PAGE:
Jan 12, 2017 11:55 AM EST
Why Should You Join University Clubs And Student Societies
One of the most obvious benefits of joining a student society in a college or a university is that it will impact your social life. Joining creates an avenue for you to meet people who share the same interests that you do and you can widen your social network beyond the people you live with.
However there's more to joining University clubs and societies in school than just the social aspect. There are real gains from student societies when it comes to developing certain skills, knowledge and qualities that will be useful in your future employability.
Here are some of the ways by which clubs and societies actually benefit you and enhance your university experience.
Value in membership
Joining clubs and societies in college is an excellent way to meet new people who share the same interests and passion, according to Prospects. Getting involved in these groups can expand your network not only of social but also of professional contacts. This way, you do not only grow academically, but there will also be personal development involved as you try a lot of new things and gain new, enriching experiences.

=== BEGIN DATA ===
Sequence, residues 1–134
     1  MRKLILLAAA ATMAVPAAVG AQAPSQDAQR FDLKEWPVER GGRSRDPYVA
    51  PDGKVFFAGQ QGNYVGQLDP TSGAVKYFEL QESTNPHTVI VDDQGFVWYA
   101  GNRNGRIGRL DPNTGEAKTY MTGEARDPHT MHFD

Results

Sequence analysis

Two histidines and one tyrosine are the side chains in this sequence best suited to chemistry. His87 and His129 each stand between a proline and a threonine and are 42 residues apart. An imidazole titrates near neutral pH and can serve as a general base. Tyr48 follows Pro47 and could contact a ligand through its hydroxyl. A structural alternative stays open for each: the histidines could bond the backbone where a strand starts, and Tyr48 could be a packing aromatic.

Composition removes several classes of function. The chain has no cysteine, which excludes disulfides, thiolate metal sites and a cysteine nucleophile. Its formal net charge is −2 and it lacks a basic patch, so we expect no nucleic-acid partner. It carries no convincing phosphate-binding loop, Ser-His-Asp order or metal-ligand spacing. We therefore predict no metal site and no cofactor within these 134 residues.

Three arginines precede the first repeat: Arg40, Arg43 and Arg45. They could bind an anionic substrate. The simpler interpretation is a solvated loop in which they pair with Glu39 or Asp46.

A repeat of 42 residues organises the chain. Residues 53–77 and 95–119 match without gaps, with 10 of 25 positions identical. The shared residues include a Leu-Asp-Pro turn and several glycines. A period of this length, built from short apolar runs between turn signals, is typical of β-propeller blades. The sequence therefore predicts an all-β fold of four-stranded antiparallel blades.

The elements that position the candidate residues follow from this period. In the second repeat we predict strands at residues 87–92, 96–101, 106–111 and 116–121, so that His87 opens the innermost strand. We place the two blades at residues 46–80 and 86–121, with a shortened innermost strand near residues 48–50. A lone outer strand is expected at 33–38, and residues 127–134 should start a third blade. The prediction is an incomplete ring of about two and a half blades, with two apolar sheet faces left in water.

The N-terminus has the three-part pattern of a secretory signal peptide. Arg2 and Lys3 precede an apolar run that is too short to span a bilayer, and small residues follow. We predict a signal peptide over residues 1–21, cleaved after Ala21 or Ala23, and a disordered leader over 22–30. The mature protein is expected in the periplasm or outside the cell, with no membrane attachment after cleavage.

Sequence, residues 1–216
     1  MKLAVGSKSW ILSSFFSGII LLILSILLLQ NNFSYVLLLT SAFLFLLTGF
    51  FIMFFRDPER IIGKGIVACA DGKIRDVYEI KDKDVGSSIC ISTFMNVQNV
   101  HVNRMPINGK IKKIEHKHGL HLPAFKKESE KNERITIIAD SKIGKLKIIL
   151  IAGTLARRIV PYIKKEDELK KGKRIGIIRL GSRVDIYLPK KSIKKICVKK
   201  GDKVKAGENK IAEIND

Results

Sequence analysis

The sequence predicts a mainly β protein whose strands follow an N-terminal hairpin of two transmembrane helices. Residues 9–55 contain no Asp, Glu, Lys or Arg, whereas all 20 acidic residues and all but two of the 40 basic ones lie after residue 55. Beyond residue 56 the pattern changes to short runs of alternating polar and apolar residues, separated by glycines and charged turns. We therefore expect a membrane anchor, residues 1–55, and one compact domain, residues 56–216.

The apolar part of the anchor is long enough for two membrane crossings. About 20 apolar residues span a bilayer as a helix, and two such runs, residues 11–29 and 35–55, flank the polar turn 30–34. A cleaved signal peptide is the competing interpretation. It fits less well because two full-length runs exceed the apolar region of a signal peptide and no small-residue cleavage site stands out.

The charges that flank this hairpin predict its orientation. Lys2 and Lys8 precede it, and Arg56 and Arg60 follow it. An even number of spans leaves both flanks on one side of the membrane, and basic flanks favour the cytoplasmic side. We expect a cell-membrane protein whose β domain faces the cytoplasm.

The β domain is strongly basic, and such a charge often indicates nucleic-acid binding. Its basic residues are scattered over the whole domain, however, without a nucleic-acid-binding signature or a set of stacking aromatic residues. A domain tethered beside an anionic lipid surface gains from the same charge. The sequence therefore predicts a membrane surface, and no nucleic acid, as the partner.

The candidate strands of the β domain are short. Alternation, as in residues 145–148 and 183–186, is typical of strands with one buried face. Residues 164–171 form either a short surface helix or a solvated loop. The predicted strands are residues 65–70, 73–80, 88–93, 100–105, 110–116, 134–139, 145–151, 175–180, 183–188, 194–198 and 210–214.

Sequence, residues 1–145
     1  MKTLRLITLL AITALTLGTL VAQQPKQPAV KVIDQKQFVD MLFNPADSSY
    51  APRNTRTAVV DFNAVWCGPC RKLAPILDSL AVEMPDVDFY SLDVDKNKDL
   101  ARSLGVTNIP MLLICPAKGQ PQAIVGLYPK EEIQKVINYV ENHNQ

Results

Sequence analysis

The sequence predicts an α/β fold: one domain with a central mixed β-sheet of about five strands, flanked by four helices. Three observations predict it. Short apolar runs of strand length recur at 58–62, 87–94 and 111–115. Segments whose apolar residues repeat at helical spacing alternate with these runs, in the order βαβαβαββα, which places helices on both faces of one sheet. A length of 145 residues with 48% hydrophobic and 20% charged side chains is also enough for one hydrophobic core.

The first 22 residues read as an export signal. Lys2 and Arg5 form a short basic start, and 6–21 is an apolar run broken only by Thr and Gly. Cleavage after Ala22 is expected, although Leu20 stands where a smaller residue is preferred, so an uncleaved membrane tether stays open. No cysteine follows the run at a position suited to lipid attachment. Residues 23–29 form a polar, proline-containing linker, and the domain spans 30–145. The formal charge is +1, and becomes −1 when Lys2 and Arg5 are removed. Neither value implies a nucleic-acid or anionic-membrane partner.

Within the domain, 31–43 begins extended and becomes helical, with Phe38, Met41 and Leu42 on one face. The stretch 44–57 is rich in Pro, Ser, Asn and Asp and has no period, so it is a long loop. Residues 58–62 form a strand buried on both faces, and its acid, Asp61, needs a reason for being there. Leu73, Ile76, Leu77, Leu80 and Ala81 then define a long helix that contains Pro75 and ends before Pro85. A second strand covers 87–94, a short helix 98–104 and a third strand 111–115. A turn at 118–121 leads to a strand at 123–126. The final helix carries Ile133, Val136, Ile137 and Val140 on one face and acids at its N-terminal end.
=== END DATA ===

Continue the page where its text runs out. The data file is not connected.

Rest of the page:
Maintaining the balance
Your academic success does not only rely on focusing on academics, according to Enterprise Alive. Although your primary goal is to study and get good grades, it will be a lot healthier for you to be involved in these clubs so you can have a break from studying every now and then. This will help you achieve the right balance in your college life.
Addition to your CV
Getting involved in college societies can also benefit your career because seeing these on your CV will give your future employers the impression that you are also have developed some skills outside the classroom, which can add value to your career including interpersonal skills, leadership skills and teamwork.
See Now: Facebook will use AI to detect users with suicidal thoughts and prevent suicide© 2017 University Herald, All rights reserved. Do not reproduce without permission.
Join the Conversation